Porque que tiene que ver la viçarria de una pintura, con la fortaleza de un edificio? ¿qué los cortes de un retablo, con los cortes de la canteri? […] El daño del Reyno es notable […] luciendo ellos a su costa, mueren en los hospitales, como yo los he visto. [What does the gallantry of a painting have to do with the strength of a building? What does the carving of a timber reredos have to do with the carving of stonework? […] The damage to the kingdom is grave […] They shine at the cost of the architects who are dying in the poor house, as I have witnessed.] (San Nicolás 1639: 164)
The historian Agustín Ceán Bermúdez (1749–1829) put the date that marked the total decadence of Spanish architecture as 1648, the year that Juan Gómez de Mora died: royal architect, nephew of Francisco de Mora the disciple of Juan de Herrera, and the last of the grand legacy (1804: 135). Whilst for later historians of the generation of Ceán Bermúdez this was a year of lament, for others closer to the event in question it was one of celebration. Writing from the first quarter of the eighteenth century, Antonio Palomino (1653–1726) showered praise on the painter-cum-architect Alonso Cano (1601–67) in 1649 for his innovative and novel designs — ‘obra de tan nuevo gusto’ [work of such new style]. According to Palomino, Cano’s design for an ephemeral arch erected in Madrid demonstrated ‘such new taste in the members and proportions of the architecture’ that the arch was admired by all those in the fields of architecture, art and design — artifices. Cano had, it seemed, in one deft stroke ‘brushed aside’ the formulaic rules of the ‘classical tradition that had, to that date been the norm’ (Palomino 1724: 576). Abstract, intellectual concerns of space and correctness of rule were being displaced with designs and experiences that offered direct appeal and engagement with the masses, as the noted historian Antonio Bonet Correa put it — a general desire to ‘be amazed’ (Bonet Correa 1990: 10).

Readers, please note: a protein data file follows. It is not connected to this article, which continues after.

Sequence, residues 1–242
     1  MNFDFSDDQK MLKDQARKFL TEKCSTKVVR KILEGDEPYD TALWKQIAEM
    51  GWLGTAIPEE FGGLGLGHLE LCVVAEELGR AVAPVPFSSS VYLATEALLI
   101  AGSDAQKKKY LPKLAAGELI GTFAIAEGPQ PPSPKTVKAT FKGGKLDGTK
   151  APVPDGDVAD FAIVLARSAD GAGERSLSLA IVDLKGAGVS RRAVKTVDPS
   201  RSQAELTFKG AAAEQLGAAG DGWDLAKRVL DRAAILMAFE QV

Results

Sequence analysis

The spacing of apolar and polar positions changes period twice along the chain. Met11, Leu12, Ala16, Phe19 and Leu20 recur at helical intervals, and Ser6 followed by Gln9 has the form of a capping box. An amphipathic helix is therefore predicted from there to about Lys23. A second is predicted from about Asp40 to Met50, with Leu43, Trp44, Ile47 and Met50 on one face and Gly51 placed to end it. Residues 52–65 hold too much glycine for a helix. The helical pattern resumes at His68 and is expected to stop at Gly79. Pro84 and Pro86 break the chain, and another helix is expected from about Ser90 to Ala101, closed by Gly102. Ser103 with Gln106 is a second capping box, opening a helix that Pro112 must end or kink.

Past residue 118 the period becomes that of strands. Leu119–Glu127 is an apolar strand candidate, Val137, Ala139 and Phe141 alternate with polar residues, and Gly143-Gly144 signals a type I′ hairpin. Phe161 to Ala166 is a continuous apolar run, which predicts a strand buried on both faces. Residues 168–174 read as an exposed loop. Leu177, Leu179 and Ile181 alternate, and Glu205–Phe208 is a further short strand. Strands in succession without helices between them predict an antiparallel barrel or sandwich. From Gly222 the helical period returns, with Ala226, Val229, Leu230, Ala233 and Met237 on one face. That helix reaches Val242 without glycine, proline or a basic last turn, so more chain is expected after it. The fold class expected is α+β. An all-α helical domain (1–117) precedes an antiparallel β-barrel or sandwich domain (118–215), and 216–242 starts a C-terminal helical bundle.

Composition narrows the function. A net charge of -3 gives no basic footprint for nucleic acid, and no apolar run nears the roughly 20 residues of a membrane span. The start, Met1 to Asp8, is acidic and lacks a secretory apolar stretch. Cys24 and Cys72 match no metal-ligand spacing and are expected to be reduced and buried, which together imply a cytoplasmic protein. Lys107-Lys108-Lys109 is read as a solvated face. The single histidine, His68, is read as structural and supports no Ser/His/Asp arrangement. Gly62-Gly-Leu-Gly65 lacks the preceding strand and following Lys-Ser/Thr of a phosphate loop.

Whilst San Nicolás was accurate in his observation of the encroaching role of painters, sculptors and other guilds into the design market traditionally held solely by architects, it did not signify the end of architecture. Architects and the mode of architecture they had been practising seemed no longer to respond to the needs of a society in crisis, not economically, politically or spiritually. A city in its political and economic ascendency, such as Seville in the 1500s, had previously provided a rich panorama for architects, according them with both fame and fortune, as was the case with Ruíz II (Morales 1996: 87). This is in contrast to the following century, where the general condition of crisis offered few new large-scale architectural projects and where penury was never far away, even for the most illustrious of the maestros mayores (García Morales 1991: 233). As exemplified in Cano, it was painters and sculptors who were now being hailed as the heroes of architecture. The crisis meant that the classical stone-based architectural tradition that had become rooted in Seville at the very first rumblings of economic reversal in the 1590s had undergone a ‘forced adaptation’ commencing around 1630 (Pleguezuelo 2000: 95), and finally reaching its new state towards the last third of the century with the interior of the Sagrario (Recio Mir 2003: 65). This was seen as a defeat by the historians of the late eighteenth century, symbolic of a country and culture that had lost its way. It was evidence of a culture where the insatiable pursuit of novelty reigned over the moderating measure of reason. However, if we take the attitude of Palomino, accepting forced change as a process of reinvention, and a demonstration of astute, responsive design thinking and practice, perhaps the presence of crisis can be read as an instigator of progress rather than one of paucity.